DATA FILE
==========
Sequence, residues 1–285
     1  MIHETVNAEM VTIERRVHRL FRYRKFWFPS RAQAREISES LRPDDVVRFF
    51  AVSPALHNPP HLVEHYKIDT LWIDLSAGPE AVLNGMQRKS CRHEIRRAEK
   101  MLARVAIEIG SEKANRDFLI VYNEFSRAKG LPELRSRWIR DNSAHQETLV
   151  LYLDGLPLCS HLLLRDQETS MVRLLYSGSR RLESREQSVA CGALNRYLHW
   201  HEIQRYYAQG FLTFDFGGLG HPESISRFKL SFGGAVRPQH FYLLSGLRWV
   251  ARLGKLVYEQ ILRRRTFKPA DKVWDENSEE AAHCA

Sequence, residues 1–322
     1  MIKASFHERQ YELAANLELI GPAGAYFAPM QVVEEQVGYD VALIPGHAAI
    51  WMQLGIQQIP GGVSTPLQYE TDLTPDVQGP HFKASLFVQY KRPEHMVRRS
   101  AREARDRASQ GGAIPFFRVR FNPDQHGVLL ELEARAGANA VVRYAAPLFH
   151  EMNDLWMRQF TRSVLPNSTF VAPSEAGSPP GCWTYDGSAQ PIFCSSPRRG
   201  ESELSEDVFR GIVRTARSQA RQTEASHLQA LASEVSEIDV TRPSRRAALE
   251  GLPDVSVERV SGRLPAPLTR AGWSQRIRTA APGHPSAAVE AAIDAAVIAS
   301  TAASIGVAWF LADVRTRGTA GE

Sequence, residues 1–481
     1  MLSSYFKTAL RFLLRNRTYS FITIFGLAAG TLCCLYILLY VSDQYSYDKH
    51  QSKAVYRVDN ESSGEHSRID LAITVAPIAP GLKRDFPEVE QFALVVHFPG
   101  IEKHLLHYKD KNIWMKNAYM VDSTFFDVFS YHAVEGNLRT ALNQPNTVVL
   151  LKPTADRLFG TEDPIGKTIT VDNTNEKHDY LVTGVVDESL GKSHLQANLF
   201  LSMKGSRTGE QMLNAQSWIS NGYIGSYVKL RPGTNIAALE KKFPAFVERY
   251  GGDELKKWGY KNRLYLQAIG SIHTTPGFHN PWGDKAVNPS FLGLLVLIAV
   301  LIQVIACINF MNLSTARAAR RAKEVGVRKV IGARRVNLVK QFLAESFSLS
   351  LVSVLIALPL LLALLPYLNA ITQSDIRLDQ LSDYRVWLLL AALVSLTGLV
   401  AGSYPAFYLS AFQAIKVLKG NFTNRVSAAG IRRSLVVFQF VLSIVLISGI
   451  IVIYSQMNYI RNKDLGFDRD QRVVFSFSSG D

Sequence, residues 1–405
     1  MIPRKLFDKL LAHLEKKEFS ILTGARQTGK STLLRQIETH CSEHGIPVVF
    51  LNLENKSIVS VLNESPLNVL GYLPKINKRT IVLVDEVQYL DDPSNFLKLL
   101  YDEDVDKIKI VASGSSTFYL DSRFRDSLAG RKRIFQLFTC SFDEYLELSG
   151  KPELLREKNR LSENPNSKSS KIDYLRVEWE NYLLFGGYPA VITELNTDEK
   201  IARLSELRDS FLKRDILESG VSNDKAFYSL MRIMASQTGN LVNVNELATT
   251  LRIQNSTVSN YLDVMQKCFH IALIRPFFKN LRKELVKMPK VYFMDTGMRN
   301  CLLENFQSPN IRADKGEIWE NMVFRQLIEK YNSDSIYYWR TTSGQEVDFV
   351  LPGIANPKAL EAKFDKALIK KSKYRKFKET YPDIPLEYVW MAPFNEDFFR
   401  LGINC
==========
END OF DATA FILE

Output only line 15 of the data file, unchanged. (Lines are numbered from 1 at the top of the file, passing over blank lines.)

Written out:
   301  TAASIGVAWF LADVRTRGTA GE